For a moment tried to do it with just a photoresistor, but it is just not accurate enough. Below is some example code I was using with Sharp sensor to do a cymbal with velocity varying on length of hit that doesn’t work due to the short range issue…

    int sensor1;
    int sensor2;
    void setup(){  
    void loop(){
      int sensor=analogRead(A0);
      int velocity=map(sensor2,400,200,60,127);
    void MIDI_TX(unsigned char MESSAGE, unsigned char PITCH, unsigned char VELOCITY) 
  • Thom Hines 9:46 pm on April 11, 2011 Permalink | Reply  

    Easy CMS just got easier! (Buy now!) 

    After a lot of prototypes and experiments, I managed to hack my code and TinyMCE to the point where I can now edit in the most WYSIWYG environment ever made for web content management. It still has a lot of work left to do, but the biggest hurdle I saw going into this new version of the project was the text editor interface, and I had some major breakthroughs over the weekend.

    From here, I have to get the admin interface more concretely nailed down, incorporate some sort of image uploader and media manager, and finally work on a system of installing the app so that most of the work on integrating the CMS into specific pages is handled automatically on the server.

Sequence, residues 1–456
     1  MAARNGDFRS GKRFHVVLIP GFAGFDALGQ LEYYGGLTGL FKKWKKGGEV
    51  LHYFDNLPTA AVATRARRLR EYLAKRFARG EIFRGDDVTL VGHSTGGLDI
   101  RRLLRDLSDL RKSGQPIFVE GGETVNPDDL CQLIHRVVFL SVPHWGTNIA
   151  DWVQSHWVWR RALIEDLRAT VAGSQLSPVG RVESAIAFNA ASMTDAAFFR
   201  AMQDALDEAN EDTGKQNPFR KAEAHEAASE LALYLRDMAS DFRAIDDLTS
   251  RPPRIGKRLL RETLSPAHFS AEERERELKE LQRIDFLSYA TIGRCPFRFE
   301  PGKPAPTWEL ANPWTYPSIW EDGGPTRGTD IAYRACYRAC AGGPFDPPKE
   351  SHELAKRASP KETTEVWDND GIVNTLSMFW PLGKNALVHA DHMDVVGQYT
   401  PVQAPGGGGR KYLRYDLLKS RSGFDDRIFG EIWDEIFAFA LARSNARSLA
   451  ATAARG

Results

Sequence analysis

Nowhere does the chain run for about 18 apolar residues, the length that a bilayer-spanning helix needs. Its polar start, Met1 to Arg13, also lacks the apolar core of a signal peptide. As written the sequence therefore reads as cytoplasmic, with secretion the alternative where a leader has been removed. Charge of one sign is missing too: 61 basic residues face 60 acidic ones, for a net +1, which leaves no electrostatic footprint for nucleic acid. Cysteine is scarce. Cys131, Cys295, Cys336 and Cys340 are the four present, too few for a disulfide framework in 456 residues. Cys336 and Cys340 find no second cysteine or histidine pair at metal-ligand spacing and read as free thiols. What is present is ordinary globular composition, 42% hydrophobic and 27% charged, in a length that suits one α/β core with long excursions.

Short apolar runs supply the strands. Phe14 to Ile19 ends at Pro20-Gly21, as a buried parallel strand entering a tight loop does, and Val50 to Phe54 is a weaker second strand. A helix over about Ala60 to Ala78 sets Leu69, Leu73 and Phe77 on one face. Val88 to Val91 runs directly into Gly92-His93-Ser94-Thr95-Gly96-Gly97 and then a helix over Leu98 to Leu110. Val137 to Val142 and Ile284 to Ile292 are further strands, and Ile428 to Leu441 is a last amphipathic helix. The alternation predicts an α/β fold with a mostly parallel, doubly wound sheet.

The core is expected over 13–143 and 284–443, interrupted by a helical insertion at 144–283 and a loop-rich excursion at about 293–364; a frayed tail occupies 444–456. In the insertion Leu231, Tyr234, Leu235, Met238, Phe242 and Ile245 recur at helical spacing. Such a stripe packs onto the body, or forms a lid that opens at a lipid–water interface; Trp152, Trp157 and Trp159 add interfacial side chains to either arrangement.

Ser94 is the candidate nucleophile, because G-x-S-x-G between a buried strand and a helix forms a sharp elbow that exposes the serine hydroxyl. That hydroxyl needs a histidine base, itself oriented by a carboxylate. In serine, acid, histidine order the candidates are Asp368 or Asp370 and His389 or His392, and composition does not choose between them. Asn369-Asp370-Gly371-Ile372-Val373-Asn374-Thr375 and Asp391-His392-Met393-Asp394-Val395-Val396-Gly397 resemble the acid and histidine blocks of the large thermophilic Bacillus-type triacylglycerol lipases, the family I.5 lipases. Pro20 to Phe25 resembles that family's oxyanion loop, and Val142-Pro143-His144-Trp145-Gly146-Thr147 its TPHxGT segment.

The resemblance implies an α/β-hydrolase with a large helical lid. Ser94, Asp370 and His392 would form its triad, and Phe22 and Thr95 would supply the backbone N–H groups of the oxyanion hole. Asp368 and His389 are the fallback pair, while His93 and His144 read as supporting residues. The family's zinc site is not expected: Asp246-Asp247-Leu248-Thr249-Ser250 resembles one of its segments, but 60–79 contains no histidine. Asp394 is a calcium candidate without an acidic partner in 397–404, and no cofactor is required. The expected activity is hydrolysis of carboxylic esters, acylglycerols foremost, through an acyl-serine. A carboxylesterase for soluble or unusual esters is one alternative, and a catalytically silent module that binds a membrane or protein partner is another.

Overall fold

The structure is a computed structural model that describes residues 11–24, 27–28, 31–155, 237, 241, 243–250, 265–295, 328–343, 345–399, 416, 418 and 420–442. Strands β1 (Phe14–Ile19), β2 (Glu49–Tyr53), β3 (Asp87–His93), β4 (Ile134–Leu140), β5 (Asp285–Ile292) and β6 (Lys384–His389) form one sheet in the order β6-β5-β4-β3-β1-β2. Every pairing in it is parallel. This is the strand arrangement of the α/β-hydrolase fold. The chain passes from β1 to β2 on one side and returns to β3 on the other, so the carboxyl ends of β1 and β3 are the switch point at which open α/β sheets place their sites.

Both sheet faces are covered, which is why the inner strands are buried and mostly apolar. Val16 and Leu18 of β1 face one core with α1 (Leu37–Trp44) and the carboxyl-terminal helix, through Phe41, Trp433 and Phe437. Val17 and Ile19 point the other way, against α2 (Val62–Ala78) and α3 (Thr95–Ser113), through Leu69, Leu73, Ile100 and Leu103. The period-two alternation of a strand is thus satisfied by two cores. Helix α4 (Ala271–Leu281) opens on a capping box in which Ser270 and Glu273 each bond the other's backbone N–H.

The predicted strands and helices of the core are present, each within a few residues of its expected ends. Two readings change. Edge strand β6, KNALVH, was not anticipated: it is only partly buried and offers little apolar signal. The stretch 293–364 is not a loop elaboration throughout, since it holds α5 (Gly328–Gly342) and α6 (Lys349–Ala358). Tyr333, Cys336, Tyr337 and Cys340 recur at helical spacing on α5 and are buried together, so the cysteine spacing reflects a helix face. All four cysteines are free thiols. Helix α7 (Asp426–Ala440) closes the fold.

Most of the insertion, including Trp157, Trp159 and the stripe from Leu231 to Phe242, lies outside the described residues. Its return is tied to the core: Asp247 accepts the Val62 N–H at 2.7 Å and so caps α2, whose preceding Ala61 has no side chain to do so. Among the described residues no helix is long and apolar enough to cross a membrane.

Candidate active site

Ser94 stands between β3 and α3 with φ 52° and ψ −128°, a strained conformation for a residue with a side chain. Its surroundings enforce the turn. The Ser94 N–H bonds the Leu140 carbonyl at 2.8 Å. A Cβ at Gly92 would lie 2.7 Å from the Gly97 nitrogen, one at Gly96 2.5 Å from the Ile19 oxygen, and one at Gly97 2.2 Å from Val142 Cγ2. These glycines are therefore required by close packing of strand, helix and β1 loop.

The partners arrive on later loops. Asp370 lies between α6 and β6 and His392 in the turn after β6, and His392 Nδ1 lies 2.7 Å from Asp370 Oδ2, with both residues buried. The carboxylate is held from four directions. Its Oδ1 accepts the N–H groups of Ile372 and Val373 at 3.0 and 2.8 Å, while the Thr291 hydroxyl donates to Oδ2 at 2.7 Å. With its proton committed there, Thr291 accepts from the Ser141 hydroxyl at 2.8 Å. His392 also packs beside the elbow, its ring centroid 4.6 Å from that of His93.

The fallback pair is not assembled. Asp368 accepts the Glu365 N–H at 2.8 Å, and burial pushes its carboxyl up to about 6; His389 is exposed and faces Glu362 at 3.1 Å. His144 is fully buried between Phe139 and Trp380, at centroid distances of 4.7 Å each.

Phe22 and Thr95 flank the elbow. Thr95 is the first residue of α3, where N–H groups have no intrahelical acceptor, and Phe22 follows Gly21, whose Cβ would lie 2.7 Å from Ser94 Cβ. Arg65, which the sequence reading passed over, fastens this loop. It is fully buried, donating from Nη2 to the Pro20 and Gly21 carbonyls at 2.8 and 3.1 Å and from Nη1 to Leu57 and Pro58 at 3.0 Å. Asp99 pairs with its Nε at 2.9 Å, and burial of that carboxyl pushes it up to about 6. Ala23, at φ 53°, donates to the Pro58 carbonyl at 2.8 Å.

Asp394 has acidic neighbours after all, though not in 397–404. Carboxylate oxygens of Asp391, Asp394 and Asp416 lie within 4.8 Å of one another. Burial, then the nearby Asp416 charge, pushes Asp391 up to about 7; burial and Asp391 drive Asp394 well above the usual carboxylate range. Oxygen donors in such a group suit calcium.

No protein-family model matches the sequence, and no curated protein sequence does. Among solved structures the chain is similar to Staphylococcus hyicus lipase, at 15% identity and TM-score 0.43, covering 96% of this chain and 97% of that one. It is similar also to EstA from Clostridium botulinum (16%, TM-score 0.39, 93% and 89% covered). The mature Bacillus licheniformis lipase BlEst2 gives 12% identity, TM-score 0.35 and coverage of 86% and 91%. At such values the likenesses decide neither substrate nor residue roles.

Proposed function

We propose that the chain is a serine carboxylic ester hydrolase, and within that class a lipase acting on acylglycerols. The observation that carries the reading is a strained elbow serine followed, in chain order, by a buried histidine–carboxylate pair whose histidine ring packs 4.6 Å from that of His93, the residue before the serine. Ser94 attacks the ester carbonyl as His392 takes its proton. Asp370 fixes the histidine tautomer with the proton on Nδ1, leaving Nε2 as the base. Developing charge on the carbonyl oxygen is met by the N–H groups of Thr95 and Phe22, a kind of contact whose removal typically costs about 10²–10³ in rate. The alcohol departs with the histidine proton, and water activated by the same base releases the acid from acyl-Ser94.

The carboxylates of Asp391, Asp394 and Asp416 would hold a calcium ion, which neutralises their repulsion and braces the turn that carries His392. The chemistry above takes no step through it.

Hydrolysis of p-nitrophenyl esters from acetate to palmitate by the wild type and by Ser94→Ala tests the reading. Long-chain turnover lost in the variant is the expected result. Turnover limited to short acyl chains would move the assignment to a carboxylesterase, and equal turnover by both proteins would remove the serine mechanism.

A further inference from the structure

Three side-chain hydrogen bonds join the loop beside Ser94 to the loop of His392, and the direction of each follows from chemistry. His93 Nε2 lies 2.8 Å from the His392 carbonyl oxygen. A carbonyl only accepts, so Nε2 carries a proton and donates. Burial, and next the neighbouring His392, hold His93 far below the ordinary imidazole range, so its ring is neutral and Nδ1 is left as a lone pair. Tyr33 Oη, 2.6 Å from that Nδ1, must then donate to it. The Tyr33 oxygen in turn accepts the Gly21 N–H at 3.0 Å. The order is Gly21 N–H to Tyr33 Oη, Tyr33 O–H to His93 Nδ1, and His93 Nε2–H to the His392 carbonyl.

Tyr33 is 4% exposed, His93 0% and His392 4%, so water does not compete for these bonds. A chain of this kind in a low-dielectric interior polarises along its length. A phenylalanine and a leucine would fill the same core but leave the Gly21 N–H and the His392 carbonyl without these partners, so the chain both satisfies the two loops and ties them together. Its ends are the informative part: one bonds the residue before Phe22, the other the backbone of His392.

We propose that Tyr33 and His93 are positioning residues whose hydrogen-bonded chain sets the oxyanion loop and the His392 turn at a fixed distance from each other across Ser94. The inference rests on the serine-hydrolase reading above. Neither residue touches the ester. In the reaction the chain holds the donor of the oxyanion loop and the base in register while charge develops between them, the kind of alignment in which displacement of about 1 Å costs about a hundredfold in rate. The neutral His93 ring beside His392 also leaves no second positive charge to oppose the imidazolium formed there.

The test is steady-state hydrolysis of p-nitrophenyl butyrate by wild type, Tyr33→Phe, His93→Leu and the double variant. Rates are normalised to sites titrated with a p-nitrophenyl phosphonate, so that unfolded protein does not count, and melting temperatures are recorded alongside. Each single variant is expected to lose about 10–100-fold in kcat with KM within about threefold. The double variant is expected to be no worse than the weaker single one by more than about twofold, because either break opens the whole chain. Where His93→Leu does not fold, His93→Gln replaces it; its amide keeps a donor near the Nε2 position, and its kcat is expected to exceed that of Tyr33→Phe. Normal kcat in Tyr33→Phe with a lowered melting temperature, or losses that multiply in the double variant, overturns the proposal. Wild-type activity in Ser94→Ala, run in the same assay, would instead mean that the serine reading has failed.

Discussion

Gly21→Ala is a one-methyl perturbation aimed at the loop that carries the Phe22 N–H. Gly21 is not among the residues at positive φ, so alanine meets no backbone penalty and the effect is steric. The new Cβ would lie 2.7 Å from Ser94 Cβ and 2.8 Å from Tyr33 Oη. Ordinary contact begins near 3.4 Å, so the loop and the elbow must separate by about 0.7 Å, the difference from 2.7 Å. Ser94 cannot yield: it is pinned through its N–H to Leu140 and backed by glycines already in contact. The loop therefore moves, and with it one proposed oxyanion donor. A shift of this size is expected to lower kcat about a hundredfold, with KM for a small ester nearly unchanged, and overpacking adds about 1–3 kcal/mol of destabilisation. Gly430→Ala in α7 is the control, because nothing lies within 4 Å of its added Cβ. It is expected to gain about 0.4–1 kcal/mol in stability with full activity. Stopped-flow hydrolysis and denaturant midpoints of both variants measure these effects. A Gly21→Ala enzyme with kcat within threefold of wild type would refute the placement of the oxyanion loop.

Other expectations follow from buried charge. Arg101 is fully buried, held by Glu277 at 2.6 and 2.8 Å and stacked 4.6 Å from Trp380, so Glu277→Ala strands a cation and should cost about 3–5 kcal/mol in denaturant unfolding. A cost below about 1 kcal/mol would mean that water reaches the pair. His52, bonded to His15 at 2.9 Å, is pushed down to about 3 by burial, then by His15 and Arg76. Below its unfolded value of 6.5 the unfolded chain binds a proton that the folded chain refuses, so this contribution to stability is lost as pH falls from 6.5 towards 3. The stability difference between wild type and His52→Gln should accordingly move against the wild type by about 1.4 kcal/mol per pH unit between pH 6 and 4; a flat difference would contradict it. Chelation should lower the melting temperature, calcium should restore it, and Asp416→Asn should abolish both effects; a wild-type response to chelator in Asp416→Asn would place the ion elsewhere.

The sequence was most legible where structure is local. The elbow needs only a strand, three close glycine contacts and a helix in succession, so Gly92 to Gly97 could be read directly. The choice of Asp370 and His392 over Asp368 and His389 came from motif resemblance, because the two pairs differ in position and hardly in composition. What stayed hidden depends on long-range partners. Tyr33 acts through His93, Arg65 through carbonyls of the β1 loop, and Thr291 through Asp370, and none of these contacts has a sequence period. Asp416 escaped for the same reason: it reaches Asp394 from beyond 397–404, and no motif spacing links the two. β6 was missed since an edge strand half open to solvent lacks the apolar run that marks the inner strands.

I’ll be posting a staging ground for other people to test soon, and if anybody has a static or simple site that they would like to manage with this, let me know and I’ll be sure to pass my source along to you in the next 1-2 weeks.

    Log in here:

    Play with it here:

    • scottpeterman 10:10 pm on April 11, 2011 Permalink | Reply

      Can’t wait to get my hands on it.

      • Thom Hines 3:52 pm on April 12, 2011 Permalink | Reply

        You’ll be among the first! I should have the whole package contained by next week. Thanks for your support, Scott!

    • Alvaro Soto 10:11 pm on April 11, 2011 Permalink | Reply

      More than suggestions,, i have like questions because I think this is very interesting and perhaps something totally new and successful, I can name several people that I know that would rather on work on a platform like this than complicated databases like WordPress.
      I dont even think that the target for this kind of applications are “moms” or ppl with very phew knowledge of technology and the Internet. to me, this follows trends like twitter and maybe Facebook where content is fast and direct. I can see writers, and group projects using this type of platforms